The sacroiliac joint (SIJ) is a large L shaped joint that connects the base of the spine (sacrum) to the pelvis (ilium). The SIJ is surrounded by large ligaments which give the joint a large degree of stability. As a result the SIJ only moves a very small amount and research has confirmed this in standing and lying positions.
Due to the inherent stability of the SIJ, it is able to withstand large compressive loads and hence it is designed for force transfer or load transfer from the legs and pelvis into the spine.
The SIJ can cause pain which commonly occurs directly over the joint or into the buttock. SIJ pain accounts for 15% of chronic non-specific low back pain and is common during or after pregnancy, during sport and it can also occur as a result of a fall onto the buttocks.
Pregnancy related low back and pelvic girdle pain (PLBP) is more prevalent and is reported to occur in 48-71% of pregnant women. Research has shown pelvic floor dysfunction (the muscles that support the perineum) exists in 52% of women with this condition and hence these muscles need to be accurately assessed by a Pelvic Floor Physiotherapist in women with PLBP.
Most SIJ conditions are non-specific, meaning that there is no radiological cause for the presenting pain and hence investigations are often not warranted.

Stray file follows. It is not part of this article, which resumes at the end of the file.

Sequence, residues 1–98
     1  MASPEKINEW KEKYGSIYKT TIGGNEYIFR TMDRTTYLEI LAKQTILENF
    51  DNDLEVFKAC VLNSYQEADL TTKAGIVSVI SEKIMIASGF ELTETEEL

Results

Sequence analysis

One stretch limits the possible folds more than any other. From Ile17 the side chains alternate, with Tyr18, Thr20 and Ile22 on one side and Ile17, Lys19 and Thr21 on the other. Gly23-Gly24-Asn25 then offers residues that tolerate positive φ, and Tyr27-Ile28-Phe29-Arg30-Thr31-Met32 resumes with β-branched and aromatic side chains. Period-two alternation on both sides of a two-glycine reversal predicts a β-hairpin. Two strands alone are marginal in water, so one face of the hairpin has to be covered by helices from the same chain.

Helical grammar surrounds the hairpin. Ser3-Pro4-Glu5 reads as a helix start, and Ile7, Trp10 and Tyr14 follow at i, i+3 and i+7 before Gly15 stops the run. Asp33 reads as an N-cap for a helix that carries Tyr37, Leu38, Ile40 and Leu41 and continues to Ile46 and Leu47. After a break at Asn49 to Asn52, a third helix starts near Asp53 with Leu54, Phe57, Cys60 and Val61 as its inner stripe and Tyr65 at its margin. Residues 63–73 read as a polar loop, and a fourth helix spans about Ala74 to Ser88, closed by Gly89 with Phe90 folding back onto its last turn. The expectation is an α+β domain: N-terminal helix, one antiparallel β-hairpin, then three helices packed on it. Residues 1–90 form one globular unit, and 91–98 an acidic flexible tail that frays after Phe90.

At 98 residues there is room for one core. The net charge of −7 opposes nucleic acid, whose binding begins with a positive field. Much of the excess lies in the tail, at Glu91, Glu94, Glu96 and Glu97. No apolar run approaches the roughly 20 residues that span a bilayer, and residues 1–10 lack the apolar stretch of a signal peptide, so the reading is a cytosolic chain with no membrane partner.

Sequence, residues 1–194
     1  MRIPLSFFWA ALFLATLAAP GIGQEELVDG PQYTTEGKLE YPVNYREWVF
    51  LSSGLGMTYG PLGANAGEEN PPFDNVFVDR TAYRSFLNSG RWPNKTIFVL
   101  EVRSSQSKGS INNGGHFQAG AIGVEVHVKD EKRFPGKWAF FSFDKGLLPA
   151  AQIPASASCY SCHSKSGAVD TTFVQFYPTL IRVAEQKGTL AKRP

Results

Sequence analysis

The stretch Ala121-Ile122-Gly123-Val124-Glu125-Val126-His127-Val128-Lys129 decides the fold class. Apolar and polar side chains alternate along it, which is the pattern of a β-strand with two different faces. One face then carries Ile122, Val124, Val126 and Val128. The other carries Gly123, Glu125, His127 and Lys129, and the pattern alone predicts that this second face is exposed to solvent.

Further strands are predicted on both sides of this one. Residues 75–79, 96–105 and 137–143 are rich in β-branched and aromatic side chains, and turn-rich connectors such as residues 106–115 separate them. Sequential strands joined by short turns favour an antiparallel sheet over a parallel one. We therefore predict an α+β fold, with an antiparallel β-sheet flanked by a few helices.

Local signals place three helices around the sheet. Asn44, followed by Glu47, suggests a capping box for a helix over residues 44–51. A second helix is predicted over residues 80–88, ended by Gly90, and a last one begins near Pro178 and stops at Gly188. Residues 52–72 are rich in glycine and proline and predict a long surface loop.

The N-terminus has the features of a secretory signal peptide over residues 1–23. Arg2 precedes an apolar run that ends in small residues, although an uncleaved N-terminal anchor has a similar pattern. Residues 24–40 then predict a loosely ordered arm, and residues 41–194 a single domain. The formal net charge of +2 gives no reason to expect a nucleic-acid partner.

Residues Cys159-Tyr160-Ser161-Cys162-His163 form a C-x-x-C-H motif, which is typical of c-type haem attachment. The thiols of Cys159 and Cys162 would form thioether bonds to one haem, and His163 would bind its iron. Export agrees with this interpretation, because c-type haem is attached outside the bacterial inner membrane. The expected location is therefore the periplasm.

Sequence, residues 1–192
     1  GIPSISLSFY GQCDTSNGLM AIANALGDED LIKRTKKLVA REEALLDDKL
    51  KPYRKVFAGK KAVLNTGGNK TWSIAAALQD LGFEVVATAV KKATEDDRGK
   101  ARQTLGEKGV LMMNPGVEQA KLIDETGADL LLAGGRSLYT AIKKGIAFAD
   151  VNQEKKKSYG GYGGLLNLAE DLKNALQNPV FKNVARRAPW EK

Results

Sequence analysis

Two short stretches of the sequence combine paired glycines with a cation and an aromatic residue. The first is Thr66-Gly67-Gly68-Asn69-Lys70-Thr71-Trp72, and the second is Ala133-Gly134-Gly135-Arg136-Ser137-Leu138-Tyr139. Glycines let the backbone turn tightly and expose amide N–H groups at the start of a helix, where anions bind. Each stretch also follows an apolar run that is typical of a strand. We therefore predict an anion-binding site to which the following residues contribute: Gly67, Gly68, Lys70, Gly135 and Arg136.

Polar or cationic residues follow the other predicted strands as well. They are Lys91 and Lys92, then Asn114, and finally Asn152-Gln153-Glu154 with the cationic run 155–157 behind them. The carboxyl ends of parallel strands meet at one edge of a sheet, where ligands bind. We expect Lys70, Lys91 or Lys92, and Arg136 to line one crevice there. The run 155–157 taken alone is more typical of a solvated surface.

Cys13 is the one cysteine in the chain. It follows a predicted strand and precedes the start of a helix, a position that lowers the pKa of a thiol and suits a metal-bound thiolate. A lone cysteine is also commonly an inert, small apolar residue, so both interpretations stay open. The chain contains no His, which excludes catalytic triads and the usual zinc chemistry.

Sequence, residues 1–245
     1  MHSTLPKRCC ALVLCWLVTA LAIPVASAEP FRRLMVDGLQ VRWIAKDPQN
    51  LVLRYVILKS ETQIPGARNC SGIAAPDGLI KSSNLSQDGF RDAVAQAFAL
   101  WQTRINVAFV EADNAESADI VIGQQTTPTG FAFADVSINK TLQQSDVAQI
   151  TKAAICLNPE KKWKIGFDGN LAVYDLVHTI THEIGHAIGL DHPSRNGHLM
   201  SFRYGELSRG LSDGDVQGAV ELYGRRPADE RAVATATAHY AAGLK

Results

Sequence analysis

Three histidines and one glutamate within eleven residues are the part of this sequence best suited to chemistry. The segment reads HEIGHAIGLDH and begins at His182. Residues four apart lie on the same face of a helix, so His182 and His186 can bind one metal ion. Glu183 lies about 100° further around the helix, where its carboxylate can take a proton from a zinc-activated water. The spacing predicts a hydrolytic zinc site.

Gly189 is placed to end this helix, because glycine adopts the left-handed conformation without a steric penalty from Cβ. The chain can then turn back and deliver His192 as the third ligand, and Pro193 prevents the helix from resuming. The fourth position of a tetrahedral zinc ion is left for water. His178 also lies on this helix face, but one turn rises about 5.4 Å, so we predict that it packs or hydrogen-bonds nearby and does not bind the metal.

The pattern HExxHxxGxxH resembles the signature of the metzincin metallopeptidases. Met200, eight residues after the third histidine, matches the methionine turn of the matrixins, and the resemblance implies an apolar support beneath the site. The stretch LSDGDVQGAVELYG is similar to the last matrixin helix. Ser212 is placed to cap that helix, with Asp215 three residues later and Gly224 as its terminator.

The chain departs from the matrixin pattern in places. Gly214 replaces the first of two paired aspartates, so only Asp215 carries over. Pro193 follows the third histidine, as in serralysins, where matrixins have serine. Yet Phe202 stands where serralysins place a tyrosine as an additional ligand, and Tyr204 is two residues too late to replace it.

- buttock pain, sharp catching pain directly over the joint
- pain aggravated by walking, standing, rolling in bed, single leg standing
- often relieved with pelvic belt
Other conditions can refer directly to the SIJ and can mimick an SIJ problem such as;
- Lumbar spine dysfunction
- Sacroiliacitis (inflammatory disorder associated with Ankylosing Spondylitis)
- Piriformis syndrome
- Hip joint pathology
As a result, a thorough assessment is required to determine the exact cause of the pain and the underlying contributing factors. The most common cause of SIJ pain is a lack of force closure, meaning the stabilising muscles around the pelvis are not compressing the SIJ properly such as the lower abdominals and gluteals. Conversely, if these stabilising muscles are overactive, SIJ pain can result. As mentioned previously a pelvic floor assessment may be warranted especially if there is associated reports of incontinence or constipation.
Management is focussed around re-training the low abdominals and gluteals with specific stabilisation and strengthening exercises. Taping the SIJ and using pelvic belts can often help to relieve the pain. Manual therapy such as massage and mobilisation of stiff spinal segments can be helpful. Once adequate stability across the SIJ has been achieved further functional strengthening such as squatting, stepping, lunging and lifting can be incorporated into the routine and taken into daily life. Pilates is then a good form of low-impact exercise to further develop functional strengthening and maintenance of gains made.